Baldness and hair thinning is an extremely common problem, for some more than others, and at different ages and stages of life. Finding a more permanent solution than wearing a wig or painting on hair has been hard to come by but the ARTAS Hair Transplantation system is changing everything. At the recent ASCD 2018 Symposium I was able to catch up with Dr Mark Bishara from Restoration Robotics who have developed a solution that involves using your own hair. This is an amazing new treatment you’ve got to hear to believe.
Trish: Hey listeners, so I’m here today with Dr. Mark Bishara, and Dr. Bishara is a plastic surgeon and he practises in North Texas. Today he’s representing Restoration Robotics, and we’re going to have a chat about the ARTAS Hair Transportation System, which is, well new to Australia. I saw it a couple of months ago and I got really, really excited by it, so I’m sure that you all will as well. Today we’re going to have a bit of an up close and personal about the hair restoration system and what it’s about, and he’s going to answer all of our questions. So, welcome.
Dr. Mark B: Well thank you, we appreciate the opportunity to come in and talk to you today about hair restoration and tell you a little bit about what’s happening in the field and how the advancements over really the last eight to 10 years have brought robotics into hair restoration, and what that means for the field. Thanks for having us.
Trish: Thank you so much. I didn’t even know that hair restoration in good quality was actually really out there. I remember the old plugs from years ago, because my uncle had them done, and I was like, “Whoa.” But, this is just something else, so I’m pretty excited. Tell us can you explain how the ARTAS Hair Transplantation System works. That’s a mouthful, but can you tell us how it works?
Dr. Mark B: Absolutely. We’ve been performing this procedure for about nine years now, well eight, almost nine years. It’s funny that you mentioned seeing these patients that had a pluggy look or machine gun hair, or sort of corn rolls. There were all kinds of different adjectives that people would use to describe these just horrible looking hair transplants. For some reason when we see them, we always see them in the airports. I don’t know why that is, but we always see them in airports. But, that’s not the hair restoration procedures that are being performed today. Now, what we’re doing is we’re using a robot and we’re looking at the hairs in the back of the head.
The robot allows us to really measure the distribution of the follicles in the back of the head. It looks at the angles, the density, and a lot of different metrics. It will measure a angle of approach and actually go in and dissect out an individual hair and bring that hair to the surface, where we can then take it with a forcep and look at it under a microscope for quality control metrics. We measure a lot of different things during the transplant. Then, what we do is we turn the patient around, we create recipient sites using the robot as well too, and then we go back in and we take those grafts that we’ve harvested with robots and we place them in the holes. It’s a pretty amazing process.
In the interim what we’ve done also is we’ve taken iPads and some of the more portable technology today to take pictures. We used to take five pictures, now it’s a single picture. We can take a picture of somebody’s head, draw a hairline on that patient, discuss that with the patient. We can create parts from a right to left, or we might create different directional changes of the hair. Decide on a hairline for that patient, and then show them what would 1000 hairs look like, or what would 2000 or 3. Kind of give them an idea of a small, medium, and a large hair transplant that they would undergo.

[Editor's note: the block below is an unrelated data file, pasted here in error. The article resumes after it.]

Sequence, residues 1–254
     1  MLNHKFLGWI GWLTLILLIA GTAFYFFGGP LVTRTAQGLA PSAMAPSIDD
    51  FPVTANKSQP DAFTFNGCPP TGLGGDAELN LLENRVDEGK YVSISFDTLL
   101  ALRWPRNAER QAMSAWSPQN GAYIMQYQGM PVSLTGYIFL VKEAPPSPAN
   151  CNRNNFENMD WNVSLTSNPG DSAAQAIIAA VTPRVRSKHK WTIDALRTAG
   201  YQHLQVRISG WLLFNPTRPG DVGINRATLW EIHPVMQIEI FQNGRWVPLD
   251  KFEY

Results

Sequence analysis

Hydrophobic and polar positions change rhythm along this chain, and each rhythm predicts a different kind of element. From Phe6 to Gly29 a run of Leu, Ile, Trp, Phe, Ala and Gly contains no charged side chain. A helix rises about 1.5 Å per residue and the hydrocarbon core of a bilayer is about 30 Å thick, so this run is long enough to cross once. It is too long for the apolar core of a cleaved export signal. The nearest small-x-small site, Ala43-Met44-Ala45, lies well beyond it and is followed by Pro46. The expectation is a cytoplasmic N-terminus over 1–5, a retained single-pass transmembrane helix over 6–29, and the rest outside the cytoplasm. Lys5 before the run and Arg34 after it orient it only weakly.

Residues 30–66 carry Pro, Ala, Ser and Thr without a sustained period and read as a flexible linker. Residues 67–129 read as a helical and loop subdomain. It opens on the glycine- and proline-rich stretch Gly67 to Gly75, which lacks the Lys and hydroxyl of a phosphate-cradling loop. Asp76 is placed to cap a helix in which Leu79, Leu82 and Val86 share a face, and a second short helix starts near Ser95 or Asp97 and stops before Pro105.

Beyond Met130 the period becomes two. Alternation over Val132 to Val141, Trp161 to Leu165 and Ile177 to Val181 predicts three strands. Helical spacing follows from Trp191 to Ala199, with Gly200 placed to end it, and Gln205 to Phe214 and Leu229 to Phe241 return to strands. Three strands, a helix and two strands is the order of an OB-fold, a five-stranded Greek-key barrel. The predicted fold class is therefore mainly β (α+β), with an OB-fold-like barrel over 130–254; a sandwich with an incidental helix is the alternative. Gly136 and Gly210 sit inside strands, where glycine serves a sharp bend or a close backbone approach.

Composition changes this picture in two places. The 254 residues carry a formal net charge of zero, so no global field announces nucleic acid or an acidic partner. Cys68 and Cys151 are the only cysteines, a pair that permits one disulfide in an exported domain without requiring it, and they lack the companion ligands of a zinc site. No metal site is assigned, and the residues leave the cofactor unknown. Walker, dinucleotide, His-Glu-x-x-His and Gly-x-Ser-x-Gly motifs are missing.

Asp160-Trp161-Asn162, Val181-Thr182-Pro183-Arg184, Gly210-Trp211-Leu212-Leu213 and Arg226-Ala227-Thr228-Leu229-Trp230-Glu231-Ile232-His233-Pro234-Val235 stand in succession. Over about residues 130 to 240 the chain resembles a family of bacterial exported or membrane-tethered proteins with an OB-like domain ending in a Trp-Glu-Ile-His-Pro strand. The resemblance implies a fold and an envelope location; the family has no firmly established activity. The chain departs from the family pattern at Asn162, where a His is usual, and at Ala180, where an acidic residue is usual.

It’s been a great not only patient education tool to use that imaging, but it’s also a really cool physician preoperative planning tool to then go and then harvest out the number of grafts that you need, and be able to plant them exactly where you want them.
Trish: Basically if I want, because I know it’s probably just the guys at the moment so I’ll talk guys first and then I’ll talk about girls. If I was a guy and I wanted to, like right, I need a little bit more hair but rather than just take a random approach and just fill it up with hair, you can kind of take a bit of a snapshot of what your head is now, where those hairs will be placed and what they will look like, and then actually create that for them.
Dr. Mark B: Absolutely.
Trish: They might want more or less, or they might be happy with less because it looks okay, or they might think, “No, I need a little bit more than that.”
Dr. Mark B: Absolutely, and I’ll go back to what you kind of let off and you were saying well I think it’s only for men right now, you’re absolutely correct. The FDA, the US FDA has clearance for Caucasian and Asian men. That doesn’t mean that we can’t use the robot for other ethnicities or other genders. As a matter of fact in our practise we use this with females, so I would say that nation wide in the United States we see about 37, 36% of the patients, our hair restoration patients using a robot are female. In our practise particularly we see about an 18% chance that they’ll use a robot, and a lot of that has to do with marketing. We’re really heavily marketed in the sports radius, so it’s a very high male based population, so kind of what you were assuming about it being present in men is very, very true, but that’s largely a result of some of the marketing efforts that we’ve made.
Trish: Yeah, totally.
Dr. Mark B: Yeah.